Predictors of frequent visits to a psychiatric emergency room: A large-scale register study combined with a small-scale interview study

Jørgen Aagaard, Andreas Aagaard, Niels Buus

Research output: Contribution to journalArticleResearchpeer-review

32 Citations (Scopus)


Background: The role of the psychiatric emergency services has undergone extensive changes following a significant downsizing of the number of psychiatric hospital beds during the past decades. A relatively small number of "frequent visitors" accounts for a disproportionately large amount of visits to psychiatric emergency services. Objectives: To identify predictors of frequent use of a psychiatric emergency room at a Danish University Psychiatric Hospital through a 12-year period (1995-2007) and to speculate on how changes in the mental healthcare services affect predictors of frequent use through time. Design: A large-scale register based logistic regression analysis combined with a small-scale explorative, interpretative interview study. Register data were drawn from the Danish Central Psychiatric Research Register. Four-year cohorts (1995, 1998, 2001 and 2004) of patients with at least one visit to the psychiatric emergency room were followed for 3 years to identify general trends of predictors throughout the period. A purposeful sample of 15 frequent visitors were interviewed about their personal motives for visiting the psychiatric emergency room, their pathways to care, and their social network and social support. Results: The study identified two overall trends of predictors of frequent use of the psychiatric emergency room. High use of psychiatric services: ≥5 visits to the psychiatric emergency room, ≥3 admissions or ≥60 bed days during the year, was and continued to be predictive of high use of the psychiatric emergency room throughout the whole period. Furthermore, the emergence and continual presence of the predictors: severe mental illness (1999-onwards), substance abuse (2002-onwards) and sheltered housing (2002-2003-2005-onwards) indicated changes in the general profile of frequent visitors to the psychiatric emergency room, where predictors related to illness behaviour were supplemented by predictors related to disease. Conclusion: The changing profile of the conditions predicting frequent visits at the psychiatric emergency room was most probably related to the adverse effects of the continuous deinstitutionalising of the Danish mental health services and a radical health care reform. A basic multiplicative model was designed for the early detection of individual frequent visitors.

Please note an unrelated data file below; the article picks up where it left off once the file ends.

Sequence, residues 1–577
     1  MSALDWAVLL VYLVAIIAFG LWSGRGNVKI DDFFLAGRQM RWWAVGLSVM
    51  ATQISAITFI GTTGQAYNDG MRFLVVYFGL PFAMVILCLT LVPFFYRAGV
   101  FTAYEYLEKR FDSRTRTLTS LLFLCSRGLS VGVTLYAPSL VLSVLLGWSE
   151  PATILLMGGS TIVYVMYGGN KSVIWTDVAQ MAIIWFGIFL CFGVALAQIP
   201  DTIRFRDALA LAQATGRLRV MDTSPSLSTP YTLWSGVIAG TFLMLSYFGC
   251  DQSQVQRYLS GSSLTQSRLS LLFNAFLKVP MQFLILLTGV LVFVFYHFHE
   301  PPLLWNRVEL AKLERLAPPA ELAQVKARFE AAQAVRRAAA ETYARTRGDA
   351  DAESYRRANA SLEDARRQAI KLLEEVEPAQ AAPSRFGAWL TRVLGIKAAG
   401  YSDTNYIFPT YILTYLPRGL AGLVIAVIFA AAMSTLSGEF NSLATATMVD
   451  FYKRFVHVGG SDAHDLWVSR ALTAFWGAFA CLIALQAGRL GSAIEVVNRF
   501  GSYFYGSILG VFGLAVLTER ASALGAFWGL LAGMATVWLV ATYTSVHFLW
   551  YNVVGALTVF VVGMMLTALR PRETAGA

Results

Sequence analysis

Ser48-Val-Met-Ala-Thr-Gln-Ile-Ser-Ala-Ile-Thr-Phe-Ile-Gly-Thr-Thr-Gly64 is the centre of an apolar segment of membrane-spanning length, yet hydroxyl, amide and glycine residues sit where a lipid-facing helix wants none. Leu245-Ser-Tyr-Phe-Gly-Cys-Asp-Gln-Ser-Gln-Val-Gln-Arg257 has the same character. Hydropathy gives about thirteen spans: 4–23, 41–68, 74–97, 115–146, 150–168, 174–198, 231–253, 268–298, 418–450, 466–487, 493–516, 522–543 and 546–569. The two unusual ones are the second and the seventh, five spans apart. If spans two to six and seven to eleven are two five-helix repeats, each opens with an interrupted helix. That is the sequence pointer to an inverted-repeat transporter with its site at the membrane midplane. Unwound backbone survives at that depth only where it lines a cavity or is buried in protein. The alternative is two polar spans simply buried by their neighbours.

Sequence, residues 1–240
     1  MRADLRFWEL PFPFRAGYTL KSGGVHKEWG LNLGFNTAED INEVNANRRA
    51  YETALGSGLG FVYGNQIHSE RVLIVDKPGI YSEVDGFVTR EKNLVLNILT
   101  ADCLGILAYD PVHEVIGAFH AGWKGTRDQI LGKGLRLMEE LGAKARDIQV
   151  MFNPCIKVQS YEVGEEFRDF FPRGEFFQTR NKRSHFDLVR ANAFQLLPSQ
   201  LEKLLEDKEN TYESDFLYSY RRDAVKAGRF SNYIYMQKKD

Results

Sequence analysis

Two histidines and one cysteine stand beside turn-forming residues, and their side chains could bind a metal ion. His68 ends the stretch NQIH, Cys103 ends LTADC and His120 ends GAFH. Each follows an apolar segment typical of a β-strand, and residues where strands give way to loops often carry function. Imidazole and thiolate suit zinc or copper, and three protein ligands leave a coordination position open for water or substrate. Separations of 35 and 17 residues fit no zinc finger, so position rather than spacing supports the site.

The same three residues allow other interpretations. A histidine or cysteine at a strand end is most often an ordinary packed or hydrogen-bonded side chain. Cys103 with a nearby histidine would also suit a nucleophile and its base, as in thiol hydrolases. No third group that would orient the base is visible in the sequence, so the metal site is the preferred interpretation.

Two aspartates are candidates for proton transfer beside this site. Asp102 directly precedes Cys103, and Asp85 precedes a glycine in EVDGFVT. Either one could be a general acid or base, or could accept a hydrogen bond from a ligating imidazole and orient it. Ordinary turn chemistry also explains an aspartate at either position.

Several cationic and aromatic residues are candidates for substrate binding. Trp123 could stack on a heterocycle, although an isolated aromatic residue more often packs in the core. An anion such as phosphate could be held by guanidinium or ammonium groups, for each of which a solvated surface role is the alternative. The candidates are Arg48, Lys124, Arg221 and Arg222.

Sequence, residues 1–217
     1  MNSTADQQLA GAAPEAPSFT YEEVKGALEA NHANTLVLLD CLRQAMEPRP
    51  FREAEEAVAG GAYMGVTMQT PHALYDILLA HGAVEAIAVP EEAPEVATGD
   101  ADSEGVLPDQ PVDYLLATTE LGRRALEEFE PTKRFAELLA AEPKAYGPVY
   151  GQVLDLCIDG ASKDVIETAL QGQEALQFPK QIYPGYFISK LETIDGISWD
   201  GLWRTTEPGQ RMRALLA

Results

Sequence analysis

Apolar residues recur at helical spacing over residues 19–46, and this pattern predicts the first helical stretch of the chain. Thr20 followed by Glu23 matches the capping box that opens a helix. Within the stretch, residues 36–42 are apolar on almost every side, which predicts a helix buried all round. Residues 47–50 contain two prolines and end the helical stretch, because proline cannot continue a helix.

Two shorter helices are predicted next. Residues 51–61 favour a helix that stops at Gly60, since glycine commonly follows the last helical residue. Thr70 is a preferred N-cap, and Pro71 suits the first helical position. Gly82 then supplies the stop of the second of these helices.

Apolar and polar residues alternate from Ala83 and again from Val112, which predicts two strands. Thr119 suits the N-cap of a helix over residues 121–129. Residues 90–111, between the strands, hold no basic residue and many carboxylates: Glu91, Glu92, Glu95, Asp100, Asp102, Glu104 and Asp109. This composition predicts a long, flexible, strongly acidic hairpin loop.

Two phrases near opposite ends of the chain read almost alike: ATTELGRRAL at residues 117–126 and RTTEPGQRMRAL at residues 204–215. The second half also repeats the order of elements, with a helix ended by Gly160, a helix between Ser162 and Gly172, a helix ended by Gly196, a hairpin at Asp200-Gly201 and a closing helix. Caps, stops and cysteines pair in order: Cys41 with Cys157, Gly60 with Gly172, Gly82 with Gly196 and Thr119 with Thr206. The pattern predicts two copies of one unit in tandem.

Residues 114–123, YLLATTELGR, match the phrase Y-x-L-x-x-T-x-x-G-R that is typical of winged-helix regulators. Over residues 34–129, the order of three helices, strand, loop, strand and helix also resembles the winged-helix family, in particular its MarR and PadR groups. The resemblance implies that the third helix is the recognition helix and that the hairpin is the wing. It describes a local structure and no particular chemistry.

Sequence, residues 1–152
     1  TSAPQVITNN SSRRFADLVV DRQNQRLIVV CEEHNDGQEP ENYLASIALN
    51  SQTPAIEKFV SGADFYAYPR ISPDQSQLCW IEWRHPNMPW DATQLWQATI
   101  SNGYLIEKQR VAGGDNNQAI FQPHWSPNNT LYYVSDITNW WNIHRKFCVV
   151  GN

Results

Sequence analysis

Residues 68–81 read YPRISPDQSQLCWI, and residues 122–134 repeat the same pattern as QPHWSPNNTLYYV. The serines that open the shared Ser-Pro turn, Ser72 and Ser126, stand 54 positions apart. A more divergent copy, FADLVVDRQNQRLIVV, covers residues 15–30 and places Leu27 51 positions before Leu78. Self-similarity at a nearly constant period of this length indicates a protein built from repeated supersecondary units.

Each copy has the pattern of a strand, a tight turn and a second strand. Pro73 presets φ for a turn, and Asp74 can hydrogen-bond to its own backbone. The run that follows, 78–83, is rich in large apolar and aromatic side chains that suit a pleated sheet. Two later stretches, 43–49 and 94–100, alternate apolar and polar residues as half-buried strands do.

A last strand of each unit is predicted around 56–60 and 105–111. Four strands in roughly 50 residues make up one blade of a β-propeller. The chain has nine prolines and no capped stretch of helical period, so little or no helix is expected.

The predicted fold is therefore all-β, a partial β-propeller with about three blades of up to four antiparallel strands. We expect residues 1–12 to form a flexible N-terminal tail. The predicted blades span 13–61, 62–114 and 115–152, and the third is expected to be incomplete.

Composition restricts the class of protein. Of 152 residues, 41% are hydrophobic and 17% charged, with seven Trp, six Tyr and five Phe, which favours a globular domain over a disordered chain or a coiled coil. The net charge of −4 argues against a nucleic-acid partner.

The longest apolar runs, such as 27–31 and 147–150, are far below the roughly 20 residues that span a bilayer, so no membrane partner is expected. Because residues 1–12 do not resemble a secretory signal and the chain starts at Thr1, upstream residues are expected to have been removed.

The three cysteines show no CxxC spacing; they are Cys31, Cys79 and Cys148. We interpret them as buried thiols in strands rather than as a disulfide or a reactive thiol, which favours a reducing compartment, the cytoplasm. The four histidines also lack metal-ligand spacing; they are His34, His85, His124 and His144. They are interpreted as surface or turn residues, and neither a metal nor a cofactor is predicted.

Original languageEnglish
Pages (from-to)1003-1013
Number of pages11
JournalInternational Journal of Nursing Studies
Issue number7
Publication statusPublished - Jul 2014
Externally publishedYes


  • Emergency services, psychiatric
  • Interview
  • Logistic models
  • Patient readmission
  • Registries

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